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Kessingland War Memorial

A Grade II Listed Building in Kessingland, Suffolk

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Coordinates

Latitude: 52.4152 / 52°24'54"N

Longitude: 1.7157 / 1°42'56"E

OS Eastings: 652775

OS Northings: 286186

OS Grid: TM527861

Mapcode National: GBR YVF.GLJ

Mapcode Global: VHM6T.PKCC

Entry Name: Kessingland War Memorial

Listing Date: 18 September 2018

Grade: II

Source: Historic England

Source ID: 1458835

Location: Kessingland, Waveney, Suffolk, NR33

County: Suffolk

District: Waveney

Civil Parish: Kessingland

Built-Up Area: Kessingland

Traditional County: Suffolk

Lieutenancy Area (Ceremonial County): Suffolk

Summary

First World War memorial, unveiled 1921, with later additions for the Second World War.

Description

The granite memorial stands in the churchyard, c70m to the south of the Church of St Edmund (Grade I-listed). Approximately 4.5m tall, it is raised on a slight mound, and approached by a path from the south wall of the church. The mound is edged with stones and metal hoops. The complex memorial structure comprises a botonné cross surmounting a substantial colonnaded base.

The cross, ornamented on the front faces of the cross arms with flowers carved in low relief, and the IHS monogram at the centre, has a heavily moulded foot. The foot transitions to the supporting pylon via short corner scrolls, joined by swags carved in relief, and a shallow two-stepped base.

The pylon is in two stages. The upper stage is formed of a large block with a capped cornice, ornamented with egg-and-dart and with beribboned swags carved to the front and rear frieze. The lower stage, approximately twice the depth of the upper, comprises the central block of the memorial. Suggestive of a sarcophagus, it is flanked by consoles to either side, with a deep moulded foot. This stage bears the inscriptions.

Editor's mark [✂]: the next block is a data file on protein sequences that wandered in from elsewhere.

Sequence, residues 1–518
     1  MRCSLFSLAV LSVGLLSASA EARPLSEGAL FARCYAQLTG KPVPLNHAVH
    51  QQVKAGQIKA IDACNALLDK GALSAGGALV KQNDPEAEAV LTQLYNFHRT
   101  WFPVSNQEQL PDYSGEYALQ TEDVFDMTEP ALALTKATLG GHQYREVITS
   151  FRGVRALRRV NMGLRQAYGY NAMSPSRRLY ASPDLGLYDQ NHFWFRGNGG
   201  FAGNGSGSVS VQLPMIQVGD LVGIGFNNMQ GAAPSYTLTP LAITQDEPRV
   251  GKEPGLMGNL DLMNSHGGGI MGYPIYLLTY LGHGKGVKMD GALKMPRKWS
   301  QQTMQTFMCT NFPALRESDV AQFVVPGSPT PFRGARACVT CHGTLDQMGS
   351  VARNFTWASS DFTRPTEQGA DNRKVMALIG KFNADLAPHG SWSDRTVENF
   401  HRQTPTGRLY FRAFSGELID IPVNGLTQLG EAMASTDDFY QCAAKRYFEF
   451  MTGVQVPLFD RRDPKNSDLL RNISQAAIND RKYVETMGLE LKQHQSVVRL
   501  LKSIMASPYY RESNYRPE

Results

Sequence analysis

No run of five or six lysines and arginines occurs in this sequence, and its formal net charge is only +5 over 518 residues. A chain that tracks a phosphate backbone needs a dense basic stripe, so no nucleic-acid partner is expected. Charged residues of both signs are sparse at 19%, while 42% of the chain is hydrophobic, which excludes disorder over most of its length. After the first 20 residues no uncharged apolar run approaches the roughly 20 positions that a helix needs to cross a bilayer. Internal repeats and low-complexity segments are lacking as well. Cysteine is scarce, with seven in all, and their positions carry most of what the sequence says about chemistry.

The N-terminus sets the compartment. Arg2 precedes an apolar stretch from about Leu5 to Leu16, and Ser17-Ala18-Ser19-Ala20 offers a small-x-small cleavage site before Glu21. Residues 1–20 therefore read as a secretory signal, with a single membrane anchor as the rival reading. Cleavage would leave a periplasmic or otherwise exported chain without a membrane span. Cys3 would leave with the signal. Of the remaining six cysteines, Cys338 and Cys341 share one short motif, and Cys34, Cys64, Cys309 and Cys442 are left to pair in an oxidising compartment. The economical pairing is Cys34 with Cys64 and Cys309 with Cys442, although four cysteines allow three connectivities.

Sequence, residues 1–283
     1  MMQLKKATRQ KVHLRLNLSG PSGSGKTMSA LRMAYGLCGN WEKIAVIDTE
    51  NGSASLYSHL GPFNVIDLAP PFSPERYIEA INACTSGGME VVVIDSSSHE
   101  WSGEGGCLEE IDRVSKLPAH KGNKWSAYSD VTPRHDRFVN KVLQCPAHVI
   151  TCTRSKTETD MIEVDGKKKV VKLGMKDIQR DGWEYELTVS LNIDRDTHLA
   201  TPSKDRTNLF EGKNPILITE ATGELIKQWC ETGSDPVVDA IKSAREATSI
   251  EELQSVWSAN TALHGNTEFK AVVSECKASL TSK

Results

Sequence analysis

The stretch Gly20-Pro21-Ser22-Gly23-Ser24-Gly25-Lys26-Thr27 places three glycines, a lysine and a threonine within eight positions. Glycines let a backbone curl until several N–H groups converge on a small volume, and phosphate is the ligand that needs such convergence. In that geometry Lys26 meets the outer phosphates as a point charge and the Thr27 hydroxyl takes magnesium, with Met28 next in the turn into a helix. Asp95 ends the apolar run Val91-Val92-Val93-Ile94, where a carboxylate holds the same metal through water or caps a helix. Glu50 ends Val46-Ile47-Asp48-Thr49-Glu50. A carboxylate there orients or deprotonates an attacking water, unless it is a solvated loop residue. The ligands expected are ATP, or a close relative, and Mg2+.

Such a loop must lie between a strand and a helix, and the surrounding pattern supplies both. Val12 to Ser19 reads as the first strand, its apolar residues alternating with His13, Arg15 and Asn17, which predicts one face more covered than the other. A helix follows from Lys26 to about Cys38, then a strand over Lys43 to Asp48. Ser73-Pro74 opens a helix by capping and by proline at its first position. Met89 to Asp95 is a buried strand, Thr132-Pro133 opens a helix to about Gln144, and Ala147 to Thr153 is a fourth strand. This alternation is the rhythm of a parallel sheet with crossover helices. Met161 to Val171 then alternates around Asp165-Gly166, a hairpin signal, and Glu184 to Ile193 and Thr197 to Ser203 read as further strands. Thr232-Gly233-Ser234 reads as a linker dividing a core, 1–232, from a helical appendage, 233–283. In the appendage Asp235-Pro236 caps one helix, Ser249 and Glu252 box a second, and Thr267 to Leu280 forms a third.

The east and west sides of the pylon are flanked by colonnades formed of three Ionic columns supporting semi-circular stonework presenting a moulded architrave, including a course of dentils. The central pylon and its two colonnades stand on a chamfered plinth and single-stepped base, rectangular on plan.

The front face of the pylon’s lower stage carries the commemorated First World War names, in applied metal lettering. The dates 1914 1918 are recorded below on the chamfered plinth. The Second World War names are listed in similar fashion on the rear face, with the dates 1939 1945 on the plinth. The front face of the base bears the inscription "GREATER LOVE HATH NO MAN THAN THIS, THAT A MAN LAY DOWN HIS LIFE FOR HIS FRIENDS".

History

The aftermath of the First World War saw the biggest single wave of public commemoration ever with tens of thousands of memorials erected across England. This was the result of both the huge impact on communities of the loss of three quarters of a million British lives, and also the official policy of not repatriating the dead which meant that the memorials provided the main focus of the grief felt at this great loss.

One such memorial was raised at Kessingland as a permanent testament to the sacrifice made by 52 members of the local community, including VAD Ethel Strowger (d1918, aged 33), who died in the First World War. It was constructed by builder Mr D Guthrie and unveiled on 17 July 1921 by Commander Trelawney RN. The memorial was dedicated by Canon RA Bignold.

The names of 37 parishioners who died during the Second World War, including Margaret Bird (d1942, aged 13), Stella Bird (d1942, aged 39), Muriel Whitlam (d1942, aged 20) and other civilians, were subsequently added to the memorial.

Reasons for Listing

Kessingland War Memorial, which stands in the churchyard, is listed at Grade II for the following principal reasons:

Historic interest:

* as an eloquent witness to the tragic impact of world events on the local community, and the sacrifice it made in the conflicts of the C20.

Architectural interest:

* an unusual monumental war memorial drawing on the Classical architectural style.

Group value:

* with the Church of St Edmund (Grade I-listed).

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